HB 195, a Florida bill that would require public schools to offer elective Bible classes, still hasn’t been defeated. In fact, it just passed through the State House’s PreK-12 Quality Subcommittee on an 11-3 vote (which tells you just how loosely they define “quality”).
The bill is sponsored by “Democrat” State Rep. Kimberly Daniels, who skipped the first day of the legislative session last week to go tape a segment for Pat Robertson‘s The 700 Club.
HB 195 would force schools to offer “objective” classes on the Old Testament, New Testament, or a combination of the two. Keep in mind that offering a class like this is already legal, but Daniels wants to force every district to offer it.
It raises an interesting question: How can you objectively teach students the myth about Jesus resurrecting? That’s what one Democrat wanted to know:
Despite that, one of her colleagues disagrees. Rep. Jennifer Webb, D-Gulfport, was one of the three Democrats who cast a ‘no’ vote.
“I did find nine federal court decisions, including one from Florida, ruling that public school Bible courses were unconstitutional in whole or in part,” Webb said. “In Gibson v. Lee County, which is a decision from the Middle District of Florida — my district — the court invalidated a Bible history course of the New Testament because it could not conceive how the resurrection of miracles could be taught as secular history.”
What about offering courses on another major religion to make sure we’re not just propagating the idea of Christian supremacy?
… Rep. Anna Eskamani, D-Orlando, challenged the religious “objectivity” and “neutrality” of courses that are based on a single religious text.
Eskamani also asked Daniels about texts from other religions.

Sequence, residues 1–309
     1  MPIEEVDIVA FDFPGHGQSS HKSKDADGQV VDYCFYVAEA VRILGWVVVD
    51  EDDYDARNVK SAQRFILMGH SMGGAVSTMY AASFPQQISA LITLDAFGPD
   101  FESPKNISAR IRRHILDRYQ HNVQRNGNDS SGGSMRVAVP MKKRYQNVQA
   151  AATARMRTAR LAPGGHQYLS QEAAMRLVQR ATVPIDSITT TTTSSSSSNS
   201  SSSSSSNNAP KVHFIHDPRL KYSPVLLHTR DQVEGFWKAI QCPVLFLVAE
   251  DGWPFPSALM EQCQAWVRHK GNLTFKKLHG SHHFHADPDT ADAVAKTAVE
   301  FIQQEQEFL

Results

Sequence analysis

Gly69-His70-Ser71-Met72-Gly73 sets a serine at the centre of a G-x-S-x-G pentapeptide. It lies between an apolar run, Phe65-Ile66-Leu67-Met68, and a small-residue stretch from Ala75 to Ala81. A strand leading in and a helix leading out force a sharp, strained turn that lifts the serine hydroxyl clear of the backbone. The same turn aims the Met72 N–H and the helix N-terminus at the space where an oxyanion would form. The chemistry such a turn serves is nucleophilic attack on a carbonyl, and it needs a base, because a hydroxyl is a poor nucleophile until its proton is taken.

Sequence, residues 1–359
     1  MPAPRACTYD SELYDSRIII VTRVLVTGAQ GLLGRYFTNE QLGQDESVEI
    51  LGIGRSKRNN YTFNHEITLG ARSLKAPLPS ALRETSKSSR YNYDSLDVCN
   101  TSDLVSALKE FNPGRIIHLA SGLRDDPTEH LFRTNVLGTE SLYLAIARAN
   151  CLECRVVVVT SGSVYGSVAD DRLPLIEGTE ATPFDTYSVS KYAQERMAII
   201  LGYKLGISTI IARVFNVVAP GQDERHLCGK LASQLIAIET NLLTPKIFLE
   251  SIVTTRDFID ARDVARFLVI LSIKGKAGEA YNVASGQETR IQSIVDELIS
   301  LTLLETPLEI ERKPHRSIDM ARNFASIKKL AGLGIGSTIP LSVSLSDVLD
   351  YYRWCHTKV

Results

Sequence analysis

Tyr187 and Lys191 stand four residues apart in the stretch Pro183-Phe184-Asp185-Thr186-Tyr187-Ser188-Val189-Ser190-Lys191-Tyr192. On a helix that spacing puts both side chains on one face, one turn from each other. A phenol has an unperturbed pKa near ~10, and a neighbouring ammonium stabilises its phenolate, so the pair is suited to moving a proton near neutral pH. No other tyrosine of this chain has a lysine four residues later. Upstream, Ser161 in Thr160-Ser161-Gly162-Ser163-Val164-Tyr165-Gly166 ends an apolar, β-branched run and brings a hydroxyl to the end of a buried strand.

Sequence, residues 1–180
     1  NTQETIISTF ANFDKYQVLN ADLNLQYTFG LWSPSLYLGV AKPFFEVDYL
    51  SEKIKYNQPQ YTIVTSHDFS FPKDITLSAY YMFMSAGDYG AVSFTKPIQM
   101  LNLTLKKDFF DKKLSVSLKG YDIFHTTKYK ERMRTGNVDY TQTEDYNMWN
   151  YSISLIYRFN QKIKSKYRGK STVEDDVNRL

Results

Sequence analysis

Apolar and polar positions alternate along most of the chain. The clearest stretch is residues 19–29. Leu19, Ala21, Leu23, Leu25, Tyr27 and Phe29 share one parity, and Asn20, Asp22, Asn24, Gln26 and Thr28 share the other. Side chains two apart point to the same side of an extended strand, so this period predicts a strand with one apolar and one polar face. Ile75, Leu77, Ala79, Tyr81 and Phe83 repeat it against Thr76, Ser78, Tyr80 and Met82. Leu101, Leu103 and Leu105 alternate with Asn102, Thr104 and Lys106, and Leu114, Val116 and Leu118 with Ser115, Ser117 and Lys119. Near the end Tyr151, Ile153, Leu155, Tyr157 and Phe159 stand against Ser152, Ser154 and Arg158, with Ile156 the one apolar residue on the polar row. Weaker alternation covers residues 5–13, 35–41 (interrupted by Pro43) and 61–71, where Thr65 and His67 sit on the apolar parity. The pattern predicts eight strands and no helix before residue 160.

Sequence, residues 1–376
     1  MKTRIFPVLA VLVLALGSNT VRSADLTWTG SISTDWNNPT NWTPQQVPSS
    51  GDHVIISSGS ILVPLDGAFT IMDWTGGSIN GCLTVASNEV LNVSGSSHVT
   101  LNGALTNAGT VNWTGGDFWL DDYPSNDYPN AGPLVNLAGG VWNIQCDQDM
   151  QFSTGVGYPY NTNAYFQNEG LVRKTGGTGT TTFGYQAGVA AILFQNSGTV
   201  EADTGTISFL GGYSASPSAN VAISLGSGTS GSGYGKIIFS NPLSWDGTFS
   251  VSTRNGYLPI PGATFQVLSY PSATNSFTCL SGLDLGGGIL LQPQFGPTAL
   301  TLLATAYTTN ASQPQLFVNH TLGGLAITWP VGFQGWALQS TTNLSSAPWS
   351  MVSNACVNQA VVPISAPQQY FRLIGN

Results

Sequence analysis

“My family is Iranian-American. My family identifies with Islam,” Eskamani said. “Would you consider adding the Quran to your bill to be a friendly amendment, as another holy book that can be taught ‘objectively,’ to your language?”
Daniels replied simply, “No.”
Sounds about right. Daniels, a pastor, only cares about advancing her own mythology, not anyone else’s.
The legal problem with this legislation is that forcing high schools to offer these classes in Christianity could be seen as an unconstitutional endorsement of religion. Even if the legislation passes, what if the new hire doesn’t teach the class objectively? Who pays the costs of that eventual lawsuit? And why do school districts want to deal with that risk?
The practical problem is that, by requiring districts to hire teachers for these classes specifically, Daniels is causing them to use money that could be used to hire teachers in other core subjects. (In theory, by forcing schools to hire a Bible teacher, administrators can’t hire (say) an additional English teacher, forcing the current ones to take on larger class sizes. It’s a decision that ought to be up to each district, but Daniels is taking away that option.)
In short, this isn’t just a constitutional concern. It’s micromanaging school districts in a way that will hamper their ability to teach all students. It’s bad policy. It’s possibly illegal policy, no matter how much she stresses the courses must be taught in a neutral fashion.
For now, the bill is in the hands of the House PreK-12 Appropriations Subcommittee. If it makes it out of there, it’ll go to the Education subcommittee before going to the full State House for a vote. If and when that happens, you can bet school officials and church/state separation experts will be speaking out a lot more about the constitutionality of the useless bill.
(Portions of this article were published earlier)